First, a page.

FIG. 8b shows how this characteristic may be exploited by creating a pulse 193 similar to 114 but of width almost equal to the entire time between two adjacent horizontal sync pulses (i.e., about 55 μs) in order to blank most of this intersync time or to provide negative signal removal during this time. Resistor 180 and capacitor 181 integrate the separated sync to provide a positive pulse in response to vertical sync which is then coupled to transistor 184 by capacitor 182. Resistor 183 is chosen so that transistor 184 conducts only on the positive peaks of the integrated sync and thus its collector provides a negative pulse beginning at the start of the vertical sync and ending at a time set by the charging time of capacitor 186 and resistor 185. The rising edge of this pulse, which is delayed a few lines after the end of vertical sync, triggers one-shot multivibrator 187 which outputs a pulse lasting until approximately the end of the vertical blanking interval under the control of the time constant set by capacitor 189 and resistor 188. This vertical back porch pulse serves as an enable to one-shot multivibrator 190 by being applied to its reset input such that the reset is removed for the duration of the pulse. One shot multivibrator 190 is triggered by the trailing edge of horizontal sync, thus outputting a series of pulses 193, each of which starts at the end of a horizontal sync pulse 21 and ends just before the next horizontal sync pulse. This series of pulses occurs once per field during the back porch region of the vertical blanking interval and can be used to blank said region of the video signal by applying it to a second switch 120a which outputs a replica signal, corresponding to any signal that may be present during those times that pulses 193 are active, for application to the mixer. Of course, OR gate 120b can be added instead of switch 120a. Additionally, if stray negative noise pulses are expected in this region of the video signal, this series of pulses can be used to open a gate (i.e., 16 of FIG. 7) such that the sync separator is not disturbed by them. Although it is frequently desirable to remove both negative and positive going signals, the additional circuitry of FIG. 8b can be restricted to removing only unwanted negative pulses by using AND gate 194 to gate the series of pulses with separated sync 21 (which will contain the unwanted negative pulses in inverted form 196), so as to provide output pulses only during the occurrence of stray input pulses 196, before application to switch 120a. This arrangement is advantageous under circumstances where it is desired to leave any test signals, closed captions and the like that may be present in the vertical interval while removing unwanted negative pulses. Since the sync separator must output these unwanted pulses, the gate 16 of FIG. 7 cannot be used in this variant. Additionally, a chroma trap as described with respect to FIG. 8a would normally be included at the corresponding point in FIG. 8b.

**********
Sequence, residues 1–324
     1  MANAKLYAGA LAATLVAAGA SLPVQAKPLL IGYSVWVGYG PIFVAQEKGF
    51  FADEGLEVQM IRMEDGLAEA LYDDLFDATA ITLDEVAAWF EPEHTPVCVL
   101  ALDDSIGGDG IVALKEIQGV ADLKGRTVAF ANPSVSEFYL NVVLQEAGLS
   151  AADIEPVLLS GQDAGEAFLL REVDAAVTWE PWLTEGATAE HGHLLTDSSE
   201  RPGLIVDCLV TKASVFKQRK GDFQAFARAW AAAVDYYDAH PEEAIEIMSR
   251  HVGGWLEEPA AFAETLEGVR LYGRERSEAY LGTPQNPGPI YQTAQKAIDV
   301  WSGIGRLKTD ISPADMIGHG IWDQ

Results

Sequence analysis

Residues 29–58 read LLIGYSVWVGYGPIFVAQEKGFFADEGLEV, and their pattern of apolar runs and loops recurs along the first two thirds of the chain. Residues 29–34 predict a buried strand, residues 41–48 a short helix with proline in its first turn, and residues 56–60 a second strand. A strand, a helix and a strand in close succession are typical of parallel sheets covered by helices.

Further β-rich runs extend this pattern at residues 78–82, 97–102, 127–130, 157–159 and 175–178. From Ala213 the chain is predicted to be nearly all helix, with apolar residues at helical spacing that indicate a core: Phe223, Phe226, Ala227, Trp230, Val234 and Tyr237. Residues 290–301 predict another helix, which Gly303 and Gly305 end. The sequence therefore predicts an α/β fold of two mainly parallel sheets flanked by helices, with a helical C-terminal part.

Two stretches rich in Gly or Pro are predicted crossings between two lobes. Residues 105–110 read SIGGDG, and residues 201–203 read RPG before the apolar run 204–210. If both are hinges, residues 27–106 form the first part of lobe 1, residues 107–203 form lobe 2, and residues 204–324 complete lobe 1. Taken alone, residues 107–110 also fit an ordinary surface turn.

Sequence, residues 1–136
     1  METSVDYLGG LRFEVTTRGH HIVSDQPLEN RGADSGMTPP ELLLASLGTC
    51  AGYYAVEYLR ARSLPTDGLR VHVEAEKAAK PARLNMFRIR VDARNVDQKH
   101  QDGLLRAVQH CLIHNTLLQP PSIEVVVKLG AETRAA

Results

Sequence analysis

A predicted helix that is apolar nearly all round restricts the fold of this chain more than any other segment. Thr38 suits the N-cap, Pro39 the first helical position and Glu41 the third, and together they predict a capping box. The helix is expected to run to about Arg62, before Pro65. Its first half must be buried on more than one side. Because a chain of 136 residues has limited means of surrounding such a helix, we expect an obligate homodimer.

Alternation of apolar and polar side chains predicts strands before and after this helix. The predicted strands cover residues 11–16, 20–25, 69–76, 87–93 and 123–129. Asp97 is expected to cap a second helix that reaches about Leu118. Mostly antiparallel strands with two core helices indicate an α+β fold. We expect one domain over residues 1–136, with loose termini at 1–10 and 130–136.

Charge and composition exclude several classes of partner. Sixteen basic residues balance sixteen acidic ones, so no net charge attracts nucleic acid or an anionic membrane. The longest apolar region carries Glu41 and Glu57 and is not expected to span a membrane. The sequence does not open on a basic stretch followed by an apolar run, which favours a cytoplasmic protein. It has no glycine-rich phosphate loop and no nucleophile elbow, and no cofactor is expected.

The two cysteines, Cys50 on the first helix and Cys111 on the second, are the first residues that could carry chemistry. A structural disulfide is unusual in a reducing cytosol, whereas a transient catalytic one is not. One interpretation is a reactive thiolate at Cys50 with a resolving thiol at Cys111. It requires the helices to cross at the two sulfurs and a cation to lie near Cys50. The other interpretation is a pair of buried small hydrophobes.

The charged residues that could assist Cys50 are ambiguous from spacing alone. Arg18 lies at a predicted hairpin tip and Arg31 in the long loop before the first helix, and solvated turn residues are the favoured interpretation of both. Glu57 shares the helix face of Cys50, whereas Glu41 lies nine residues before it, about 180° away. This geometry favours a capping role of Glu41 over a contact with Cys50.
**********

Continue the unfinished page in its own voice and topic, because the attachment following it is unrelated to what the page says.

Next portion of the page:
Another option is to provide a negative signal selector similar to the positive signal selector of FIG. 10 between gate 120a and mixer 14, so as to restrict the removal to negative signals. In fact, by applying various combinations of the herein disclosed techniques, one can blank any selected portion, portions or even all of the video signal. If one-shot multipvibrator or pulse generator 111 is replaced by a source of standard composite blanking, and no signal selector is used, then an ordinary video blanking operation will result, i.e., all sync and other signals of any kind will be removed from all of the non-picture regions of the video signal (usually in preparation for the addition of new synchronizing signals).